Research Mentor(s): Thomas Valley, Assistant Professor
Research Mentor School/College/Department: Department of Internal Medicine, Michigan Medicine
Presentation Date: Thursday, April 22, 2021
Session: Session 6 (4pm-4:50pm)
Breakout Room: Room 11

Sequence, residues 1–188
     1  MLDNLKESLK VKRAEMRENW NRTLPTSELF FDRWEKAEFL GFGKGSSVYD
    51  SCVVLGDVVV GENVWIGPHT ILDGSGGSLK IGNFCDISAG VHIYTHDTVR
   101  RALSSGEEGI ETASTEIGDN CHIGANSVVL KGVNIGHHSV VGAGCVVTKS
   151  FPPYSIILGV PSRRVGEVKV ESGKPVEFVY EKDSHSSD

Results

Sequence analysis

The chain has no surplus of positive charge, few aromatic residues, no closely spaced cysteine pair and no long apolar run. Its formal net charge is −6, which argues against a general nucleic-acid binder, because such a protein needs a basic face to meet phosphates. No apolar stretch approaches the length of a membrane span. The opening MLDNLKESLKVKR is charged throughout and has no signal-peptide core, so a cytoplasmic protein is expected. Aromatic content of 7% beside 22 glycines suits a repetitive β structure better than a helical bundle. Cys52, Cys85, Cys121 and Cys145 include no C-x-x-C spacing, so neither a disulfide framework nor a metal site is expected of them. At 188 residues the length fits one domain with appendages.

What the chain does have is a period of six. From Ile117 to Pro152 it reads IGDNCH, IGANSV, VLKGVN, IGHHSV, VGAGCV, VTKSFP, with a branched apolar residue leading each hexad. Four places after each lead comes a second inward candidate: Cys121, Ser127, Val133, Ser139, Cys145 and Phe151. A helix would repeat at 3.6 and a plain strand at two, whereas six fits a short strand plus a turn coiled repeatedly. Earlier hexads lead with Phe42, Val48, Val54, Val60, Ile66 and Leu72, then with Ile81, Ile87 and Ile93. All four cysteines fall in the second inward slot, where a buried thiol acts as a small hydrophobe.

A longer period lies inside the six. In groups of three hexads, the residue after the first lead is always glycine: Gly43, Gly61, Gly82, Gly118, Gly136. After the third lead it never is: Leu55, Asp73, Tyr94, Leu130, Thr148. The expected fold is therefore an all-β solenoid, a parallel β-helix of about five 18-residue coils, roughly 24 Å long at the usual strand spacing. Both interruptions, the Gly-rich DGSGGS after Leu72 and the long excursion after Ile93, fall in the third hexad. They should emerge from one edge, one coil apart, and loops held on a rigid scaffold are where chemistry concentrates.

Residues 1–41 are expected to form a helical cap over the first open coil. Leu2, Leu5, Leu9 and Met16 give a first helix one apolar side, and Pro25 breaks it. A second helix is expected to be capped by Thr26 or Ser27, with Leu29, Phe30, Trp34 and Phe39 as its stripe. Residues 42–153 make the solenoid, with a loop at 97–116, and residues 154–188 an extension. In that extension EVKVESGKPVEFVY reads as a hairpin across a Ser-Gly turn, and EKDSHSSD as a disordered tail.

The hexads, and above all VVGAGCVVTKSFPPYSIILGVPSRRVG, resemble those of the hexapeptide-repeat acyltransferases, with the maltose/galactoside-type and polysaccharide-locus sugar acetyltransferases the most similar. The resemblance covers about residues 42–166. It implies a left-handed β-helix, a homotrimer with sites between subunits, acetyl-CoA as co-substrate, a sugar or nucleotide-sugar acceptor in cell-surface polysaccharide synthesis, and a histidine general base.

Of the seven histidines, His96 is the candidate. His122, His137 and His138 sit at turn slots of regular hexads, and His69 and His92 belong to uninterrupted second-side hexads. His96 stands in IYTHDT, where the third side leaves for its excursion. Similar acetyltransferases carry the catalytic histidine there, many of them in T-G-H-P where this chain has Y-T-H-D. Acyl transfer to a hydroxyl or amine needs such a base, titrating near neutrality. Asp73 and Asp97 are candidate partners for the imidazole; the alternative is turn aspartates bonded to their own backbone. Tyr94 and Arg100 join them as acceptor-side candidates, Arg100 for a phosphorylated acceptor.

Despite recent efforts and movements for racial equity and equality in the United States, racial disparities are evident in ICU care, specifically related to medical ventilation practices. Timely and effective care for respiratory failure is essential for saving lives in ICU care, however, the effectiveness of mechanical ventilation practices is underscored by the lives of racial and ethnic minorities, who are twice as likely to develop respiratory failure as Whites. This study grasps the enduring problem in critical care of detecting, understanding, and eliminating racial and ethnic inequities through a systematic review process and meta-analyses of medical literature. An analysis of this literature yields evidence of the pervasive disparities in rates of respiratory failure between Blacks and other ethnic groups and Whites as well as the rise of mortality rates among racial and ethnic minorities. There is an urgent need to wage the knowledge gap of understanding the decision-making process of ICU clinicians and intervention called for mitigating racial disparities in ICU care, which in turn can save lives. The overall objective of the research is to reduce inequitable outcomes of respiratory failure by improving ICU care. The results of analyzing the literature are a growing part of this research that involves designing an intervention to promote racial equity in respiratory failure, prototyping through patient, family, and clinician engagement and piloting at two ICUs.